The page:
By: Akanksha A Panicker
It’s always a shock to receive a summons or a subpoena. Providing evidence is an imperative part of any case, however, and you are legally required to respond by the deadline. It’s hard to ensure that each party has had an adequate chance to represent themselves and provide proofs that corroborate their stance. Consequently, both these legal instruments are used as a way to ensure that an individual is brought before the court. The following article will elucidate areas of confusion between a summons or a subpoena and will demarcate the differences between the two.
[1.1] What Is A Summons?
A summons essentially provides legal notice to a party about a lawsuit, being the very first form of official communication that lets an individual know that they are being sued. While a summons may sometimes specify a court date, it is not always necessary.
A summons cannot be ignored, as it is legally binding and essential to ensure due process is followed. However, one will not be held in contempt for ignoring a summons, unlike a subpoena. The direct consequence of ignoring a summons is the issuance of a default judgement in favor of the plaintiff. In the event that the plaintiff themselves do not show, the case is to be dismissed. A summons thus essentially acts as an invitation to participate in the lawsuit. If one does not participate, they have no chance of winning and as a result, lose by default.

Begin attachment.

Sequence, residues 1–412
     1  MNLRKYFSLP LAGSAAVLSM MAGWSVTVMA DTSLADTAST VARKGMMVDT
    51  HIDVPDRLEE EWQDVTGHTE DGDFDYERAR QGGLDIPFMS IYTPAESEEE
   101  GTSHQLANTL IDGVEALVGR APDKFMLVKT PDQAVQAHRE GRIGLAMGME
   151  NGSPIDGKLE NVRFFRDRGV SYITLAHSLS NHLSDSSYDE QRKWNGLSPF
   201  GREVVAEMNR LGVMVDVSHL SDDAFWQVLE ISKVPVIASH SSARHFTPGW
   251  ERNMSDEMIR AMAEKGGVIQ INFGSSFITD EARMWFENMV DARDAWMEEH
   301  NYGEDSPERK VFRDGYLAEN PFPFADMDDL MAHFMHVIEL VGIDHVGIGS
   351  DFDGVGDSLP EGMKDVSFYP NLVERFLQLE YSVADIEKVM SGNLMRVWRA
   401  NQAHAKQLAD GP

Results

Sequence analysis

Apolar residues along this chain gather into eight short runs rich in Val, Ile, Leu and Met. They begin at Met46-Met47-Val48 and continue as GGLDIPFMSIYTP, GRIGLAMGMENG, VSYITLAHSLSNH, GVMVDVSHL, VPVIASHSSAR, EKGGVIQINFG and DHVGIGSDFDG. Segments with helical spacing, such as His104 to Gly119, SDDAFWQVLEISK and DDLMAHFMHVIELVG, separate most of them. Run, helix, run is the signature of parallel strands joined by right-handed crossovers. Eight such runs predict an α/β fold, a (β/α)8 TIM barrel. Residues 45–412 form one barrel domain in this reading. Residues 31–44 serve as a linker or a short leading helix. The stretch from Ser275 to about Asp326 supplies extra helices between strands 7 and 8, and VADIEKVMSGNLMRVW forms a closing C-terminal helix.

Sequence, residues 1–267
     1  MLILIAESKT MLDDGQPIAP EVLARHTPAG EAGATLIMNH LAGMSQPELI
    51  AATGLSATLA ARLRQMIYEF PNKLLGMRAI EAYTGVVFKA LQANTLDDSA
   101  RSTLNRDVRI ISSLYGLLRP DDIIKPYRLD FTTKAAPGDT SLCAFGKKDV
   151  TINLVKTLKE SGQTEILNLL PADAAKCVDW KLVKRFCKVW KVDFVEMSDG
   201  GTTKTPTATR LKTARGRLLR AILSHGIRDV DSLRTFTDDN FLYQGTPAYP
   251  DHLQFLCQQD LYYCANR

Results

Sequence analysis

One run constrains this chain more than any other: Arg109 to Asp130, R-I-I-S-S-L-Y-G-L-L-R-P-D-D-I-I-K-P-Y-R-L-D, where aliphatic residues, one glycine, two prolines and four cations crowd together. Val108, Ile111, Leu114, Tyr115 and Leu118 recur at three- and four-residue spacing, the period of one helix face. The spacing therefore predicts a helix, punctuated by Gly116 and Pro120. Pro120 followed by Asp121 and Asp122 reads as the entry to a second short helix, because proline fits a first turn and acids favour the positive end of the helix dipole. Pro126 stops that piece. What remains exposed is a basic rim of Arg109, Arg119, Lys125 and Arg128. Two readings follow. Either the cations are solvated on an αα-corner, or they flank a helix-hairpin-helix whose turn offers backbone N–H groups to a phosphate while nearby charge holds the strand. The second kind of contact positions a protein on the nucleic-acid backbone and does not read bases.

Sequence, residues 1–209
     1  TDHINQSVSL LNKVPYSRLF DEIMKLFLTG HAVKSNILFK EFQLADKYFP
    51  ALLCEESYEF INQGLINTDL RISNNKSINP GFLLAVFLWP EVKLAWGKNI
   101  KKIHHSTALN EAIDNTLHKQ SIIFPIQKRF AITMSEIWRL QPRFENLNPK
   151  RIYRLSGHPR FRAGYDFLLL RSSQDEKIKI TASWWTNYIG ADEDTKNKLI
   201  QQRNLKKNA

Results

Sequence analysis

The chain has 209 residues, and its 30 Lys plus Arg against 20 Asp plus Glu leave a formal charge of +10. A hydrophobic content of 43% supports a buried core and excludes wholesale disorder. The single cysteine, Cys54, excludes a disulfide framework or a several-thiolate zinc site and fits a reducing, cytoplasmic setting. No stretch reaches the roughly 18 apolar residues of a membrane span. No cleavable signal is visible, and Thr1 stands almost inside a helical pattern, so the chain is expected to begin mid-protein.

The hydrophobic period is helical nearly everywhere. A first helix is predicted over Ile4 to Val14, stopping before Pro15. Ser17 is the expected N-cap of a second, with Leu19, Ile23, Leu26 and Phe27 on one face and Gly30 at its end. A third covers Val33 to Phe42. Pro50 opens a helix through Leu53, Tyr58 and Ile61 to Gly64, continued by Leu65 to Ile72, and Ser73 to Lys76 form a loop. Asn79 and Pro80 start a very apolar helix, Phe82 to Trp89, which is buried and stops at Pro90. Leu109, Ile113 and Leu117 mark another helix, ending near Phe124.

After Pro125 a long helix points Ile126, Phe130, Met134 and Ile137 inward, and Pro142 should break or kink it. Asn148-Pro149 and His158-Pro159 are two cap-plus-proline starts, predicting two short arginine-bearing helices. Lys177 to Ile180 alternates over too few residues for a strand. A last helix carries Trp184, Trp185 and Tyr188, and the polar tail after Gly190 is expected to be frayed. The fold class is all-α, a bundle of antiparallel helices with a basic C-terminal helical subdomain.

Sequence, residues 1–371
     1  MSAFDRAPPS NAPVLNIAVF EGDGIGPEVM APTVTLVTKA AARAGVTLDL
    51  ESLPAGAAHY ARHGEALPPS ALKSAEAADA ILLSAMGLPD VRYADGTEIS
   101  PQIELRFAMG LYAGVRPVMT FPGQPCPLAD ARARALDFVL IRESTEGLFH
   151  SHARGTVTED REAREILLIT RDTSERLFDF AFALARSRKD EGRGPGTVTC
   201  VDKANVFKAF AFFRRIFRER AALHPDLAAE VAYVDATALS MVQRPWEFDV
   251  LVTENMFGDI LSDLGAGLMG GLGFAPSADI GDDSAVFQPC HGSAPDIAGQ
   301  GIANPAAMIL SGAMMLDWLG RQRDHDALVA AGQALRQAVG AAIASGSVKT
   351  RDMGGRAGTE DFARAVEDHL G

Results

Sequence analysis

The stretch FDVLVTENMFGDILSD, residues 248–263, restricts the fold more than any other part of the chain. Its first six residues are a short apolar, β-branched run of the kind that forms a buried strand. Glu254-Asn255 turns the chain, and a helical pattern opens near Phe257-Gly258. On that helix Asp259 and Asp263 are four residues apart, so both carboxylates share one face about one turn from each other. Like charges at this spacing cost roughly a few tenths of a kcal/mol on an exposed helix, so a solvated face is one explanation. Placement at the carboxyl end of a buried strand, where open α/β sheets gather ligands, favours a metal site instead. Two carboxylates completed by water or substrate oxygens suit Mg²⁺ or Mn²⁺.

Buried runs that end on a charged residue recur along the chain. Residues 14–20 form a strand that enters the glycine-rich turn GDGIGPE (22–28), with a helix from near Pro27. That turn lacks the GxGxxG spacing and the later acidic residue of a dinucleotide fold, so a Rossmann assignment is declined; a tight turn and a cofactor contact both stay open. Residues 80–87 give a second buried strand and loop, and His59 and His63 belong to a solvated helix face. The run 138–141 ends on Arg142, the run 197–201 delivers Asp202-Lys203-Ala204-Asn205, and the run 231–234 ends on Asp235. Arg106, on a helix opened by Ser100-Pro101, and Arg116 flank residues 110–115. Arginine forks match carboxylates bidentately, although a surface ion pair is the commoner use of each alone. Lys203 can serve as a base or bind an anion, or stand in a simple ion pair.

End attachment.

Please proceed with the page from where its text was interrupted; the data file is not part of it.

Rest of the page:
Service of process is how a summons is delivered to the individual, the form and content of which is widely depicted in Rule 4 of the Federal Rules of Civil Procedure.